Steamed Stuffed Bell Peppers

Print Friendly, PDF & Email

Steamed Stuffed Bell Peppers is one of my own recipes. There are many stuffed bell pepper recipes in American cuisine, of course. Usually the peppers are baked. I find, however, that steamed stuffed bell peppers produces a texture in the bell peppers’ meat that is more desirable – still a little firm and chewy, and sweeter than when baked.

Steamed Stuffed Bell Peppers makes for a whole, balanced meal, as you will see in the ingredients. Still, they can just as well be served as one course in a multi-course meal. They go great with chicken dishes, fried rice, salads and soups or stews as well.

Steamed Stuffed Bell PeppersSteamed Stuffed Bell Peppers

I prefer using red bell peppers, as they are, to me, the most colorful and attractive in the presentation. They are also the sweetest of the sweet bell peppers.

You can use green, yellow, or orange bell peppers also. Just keep in mind that the amount of sweetness in a bell pepper graduates upward in order of its color: Green is the least sweet, and the level of sugars in the pepper’s flesh increases in order through yellow, then orange, and then red. So choose your peppers accordingly.

NOTE: When selecting the peppers you want to cook, inspect the bottoms. You want peppers that have level bottoms, with the nodes in proportion to each other so that the pepper will stand upright and not tilt over during the steaming. You can use peppers that are just a little uneven on the bottoms, but if so, carefully slice away the longer node bottom to make it level with the others. Do not cut through the flesh enough to create a hole into the interior cavity, though.

Steamed Stuffed Bell Peppers Recipe-


(Makes 2 Servings)

  • 2 large red bell peppers (or color of your choice)
  • 6 oz. lean ground beef (you can also use ground pork, veal, or even ground wild game, like venison)
  • 1 very small potato (about 2 oz., chop off a chunk from a large potato if need be), par-boiled until just starting to be a little soft, then finely diced
  • 2 oz. fresh mushrooms of your choice, diced
  • 1 oz. sharp cheddar cheese, grated
  • 4 large cloves garlic, peeled and chopped fine
  • 1/2 small onion, peeled and chopped fine
  • 1 large chicken egg, beaten
  • 1 very small tomato (use a Roma tomato, or a regular tomato about that size), cored and diced fine
  • 2 tbsp. peanut oil
  • salt and pepper, to taste
  • herbs of your choice, to taste (I like to use oregano, thyme and basil, for an Italian flair)

You will need: A Steaming Pot

  1. Heat the oil in a skillet over medium high heat; sauté the onion, garlic, mushrooms and potato until the garlic and onions are fragrant and the potato dices are fully softened.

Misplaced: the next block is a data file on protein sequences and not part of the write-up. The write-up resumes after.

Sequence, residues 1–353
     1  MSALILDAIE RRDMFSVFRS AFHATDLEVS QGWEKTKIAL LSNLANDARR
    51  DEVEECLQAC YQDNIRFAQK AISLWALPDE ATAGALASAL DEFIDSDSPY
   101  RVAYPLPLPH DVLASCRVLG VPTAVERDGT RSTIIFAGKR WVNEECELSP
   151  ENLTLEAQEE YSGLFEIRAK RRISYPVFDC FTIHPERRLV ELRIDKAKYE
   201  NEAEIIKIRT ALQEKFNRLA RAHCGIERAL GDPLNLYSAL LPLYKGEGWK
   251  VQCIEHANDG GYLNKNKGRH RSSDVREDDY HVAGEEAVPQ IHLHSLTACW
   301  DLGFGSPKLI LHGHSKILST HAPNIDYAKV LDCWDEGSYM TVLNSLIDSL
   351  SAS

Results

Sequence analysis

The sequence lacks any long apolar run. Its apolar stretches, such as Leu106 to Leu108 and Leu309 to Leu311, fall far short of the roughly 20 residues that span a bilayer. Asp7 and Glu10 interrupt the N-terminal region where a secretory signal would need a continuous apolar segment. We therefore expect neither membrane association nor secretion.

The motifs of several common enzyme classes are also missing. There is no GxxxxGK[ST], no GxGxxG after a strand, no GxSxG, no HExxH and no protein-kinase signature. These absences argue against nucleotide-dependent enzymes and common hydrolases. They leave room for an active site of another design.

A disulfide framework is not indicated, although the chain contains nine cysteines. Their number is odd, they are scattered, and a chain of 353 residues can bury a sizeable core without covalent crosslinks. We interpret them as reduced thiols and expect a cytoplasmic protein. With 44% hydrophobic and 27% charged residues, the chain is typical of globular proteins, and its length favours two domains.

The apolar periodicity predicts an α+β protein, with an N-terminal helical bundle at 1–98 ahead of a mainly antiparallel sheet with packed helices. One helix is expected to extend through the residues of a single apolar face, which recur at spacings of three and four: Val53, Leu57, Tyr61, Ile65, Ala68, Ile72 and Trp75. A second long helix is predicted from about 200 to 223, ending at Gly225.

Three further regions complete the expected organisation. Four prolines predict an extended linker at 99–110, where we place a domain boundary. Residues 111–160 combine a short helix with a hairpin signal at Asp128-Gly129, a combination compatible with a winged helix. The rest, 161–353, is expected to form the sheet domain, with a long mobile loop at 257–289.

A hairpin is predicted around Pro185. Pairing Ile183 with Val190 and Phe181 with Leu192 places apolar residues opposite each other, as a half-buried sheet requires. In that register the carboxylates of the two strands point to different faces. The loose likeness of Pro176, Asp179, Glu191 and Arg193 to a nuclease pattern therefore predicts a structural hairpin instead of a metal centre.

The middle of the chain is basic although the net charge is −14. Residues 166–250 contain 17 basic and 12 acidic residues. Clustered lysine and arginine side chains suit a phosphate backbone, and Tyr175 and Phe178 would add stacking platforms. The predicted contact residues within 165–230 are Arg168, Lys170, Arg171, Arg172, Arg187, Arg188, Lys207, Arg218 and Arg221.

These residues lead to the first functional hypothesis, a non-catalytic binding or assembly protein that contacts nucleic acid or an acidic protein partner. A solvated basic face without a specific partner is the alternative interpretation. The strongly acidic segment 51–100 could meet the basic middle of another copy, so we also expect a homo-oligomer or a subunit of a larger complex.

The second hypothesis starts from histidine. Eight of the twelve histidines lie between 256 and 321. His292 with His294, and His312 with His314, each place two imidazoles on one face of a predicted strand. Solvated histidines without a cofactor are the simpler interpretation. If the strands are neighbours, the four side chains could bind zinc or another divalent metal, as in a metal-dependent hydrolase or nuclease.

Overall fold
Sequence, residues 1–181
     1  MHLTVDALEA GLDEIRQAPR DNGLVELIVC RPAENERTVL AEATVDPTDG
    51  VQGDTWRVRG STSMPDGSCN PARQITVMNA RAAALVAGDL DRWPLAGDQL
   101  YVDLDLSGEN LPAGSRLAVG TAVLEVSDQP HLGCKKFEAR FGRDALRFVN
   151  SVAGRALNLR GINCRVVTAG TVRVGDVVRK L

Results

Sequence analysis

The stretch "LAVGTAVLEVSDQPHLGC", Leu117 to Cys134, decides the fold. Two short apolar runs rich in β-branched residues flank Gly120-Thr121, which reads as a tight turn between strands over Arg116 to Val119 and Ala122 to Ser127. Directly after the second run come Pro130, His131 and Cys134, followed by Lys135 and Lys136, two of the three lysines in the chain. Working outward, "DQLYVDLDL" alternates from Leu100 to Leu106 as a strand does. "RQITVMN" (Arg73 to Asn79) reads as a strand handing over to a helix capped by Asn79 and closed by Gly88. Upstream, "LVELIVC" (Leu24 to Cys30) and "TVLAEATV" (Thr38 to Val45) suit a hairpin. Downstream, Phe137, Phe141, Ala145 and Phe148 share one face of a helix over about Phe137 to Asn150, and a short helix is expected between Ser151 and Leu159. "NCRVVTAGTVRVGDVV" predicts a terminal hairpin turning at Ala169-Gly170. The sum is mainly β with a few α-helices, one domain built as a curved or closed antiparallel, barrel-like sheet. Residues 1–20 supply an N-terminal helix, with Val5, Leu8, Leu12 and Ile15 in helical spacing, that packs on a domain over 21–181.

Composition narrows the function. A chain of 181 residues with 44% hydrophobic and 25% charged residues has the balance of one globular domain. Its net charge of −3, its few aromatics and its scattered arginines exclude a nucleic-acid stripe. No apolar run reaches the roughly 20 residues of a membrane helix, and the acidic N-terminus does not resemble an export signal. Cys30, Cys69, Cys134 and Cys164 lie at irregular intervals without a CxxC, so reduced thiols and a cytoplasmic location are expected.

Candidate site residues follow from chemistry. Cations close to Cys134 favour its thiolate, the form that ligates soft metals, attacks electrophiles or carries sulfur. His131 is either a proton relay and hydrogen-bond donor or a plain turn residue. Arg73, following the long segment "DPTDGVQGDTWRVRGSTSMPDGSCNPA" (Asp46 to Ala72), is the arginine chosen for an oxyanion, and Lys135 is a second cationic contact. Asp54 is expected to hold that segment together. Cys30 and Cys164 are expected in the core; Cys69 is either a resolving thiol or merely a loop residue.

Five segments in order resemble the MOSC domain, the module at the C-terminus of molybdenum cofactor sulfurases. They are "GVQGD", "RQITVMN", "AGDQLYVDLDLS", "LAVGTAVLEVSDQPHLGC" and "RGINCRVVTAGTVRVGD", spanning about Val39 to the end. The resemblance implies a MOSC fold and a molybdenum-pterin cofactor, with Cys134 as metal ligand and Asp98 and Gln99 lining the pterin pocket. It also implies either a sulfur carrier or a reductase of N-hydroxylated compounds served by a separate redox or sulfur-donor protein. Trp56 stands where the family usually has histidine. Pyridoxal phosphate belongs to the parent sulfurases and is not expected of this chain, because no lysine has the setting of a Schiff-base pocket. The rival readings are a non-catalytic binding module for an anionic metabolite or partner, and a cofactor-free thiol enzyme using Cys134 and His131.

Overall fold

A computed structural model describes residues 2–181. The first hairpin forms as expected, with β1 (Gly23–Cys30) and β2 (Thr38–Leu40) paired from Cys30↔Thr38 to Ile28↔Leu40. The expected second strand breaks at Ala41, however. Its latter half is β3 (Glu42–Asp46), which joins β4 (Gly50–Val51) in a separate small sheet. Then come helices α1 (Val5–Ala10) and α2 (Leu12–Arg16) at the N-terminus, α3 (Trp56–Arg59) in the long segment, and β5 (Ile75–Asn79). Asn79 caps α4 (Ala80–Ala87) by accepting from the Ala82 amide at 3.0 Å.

2. Add and stir the ground meat into the skillet, breaking it up into small bits as you go. Sauté, stirring and breaking up the meat even further with a wooden cooking spoon, until the meat is browned and cooked through.
  3. Turn the heat down to low, then add and stir in the diced tomato. Season the mixture to taste with salt, pepper, and herbs of your choice. Allow this filling mixture to simmer for a few minutes to allow all the flavors to meld together. Then remove from the burner and set aside to cool enough to handle while you perform the next steps.
  4. Cut the tops off of the bell peppers with a sharp paring knife. Cut in at a slight angle, circling around the pepper, so that the top will reinsert as a “cap” that fits well and tight during the steaming.
  5. Pull the tops out, and chop off the bulk of seeds attached to the underneath. Be careful to cut in such a way that you only remove the seeds – do not puncture a hole in the “cap” you are going to reserve and need. Then carefully scrape out the remaining seeds in the cavity and carve out as much of the white ribs, which are not flavorful and just take up space where you want to put filling.
  6. Place the filling mixture in a mixing bowl; add and stir in the grated cheese and beaten egg. Mix together well.
  7. Spoon the filling into the pepper cavities, pressing down firmly to ensure they are evenly and tightly packed full. Leave just enough room at the top so the caps can be placed back without any filling oozing out.
  8. Put the caps back in place, making sure they are properly aligned, and press down to achieve a tight fit.
  9. Steam for 12 to 15 minutes. Start checking after about 10 minutes, to see if they are already done. Press a toothpick or the point of a sharp knife into the pepper’s flesh. If it penetrates with little resistance, it is done. You can cook them longer, if you like very soft, almost mushy texture to your peppers. I prefer them to be soft, but still a little chewy.
  10. That’s it, you are done! Serve your Steamed Stuffed Bell Peppers right away, while still nice and hot.

Contact us and/or Join Our Mailing List
(We respect your privacy. Subscribers’ info are not shared with anyone. EVER)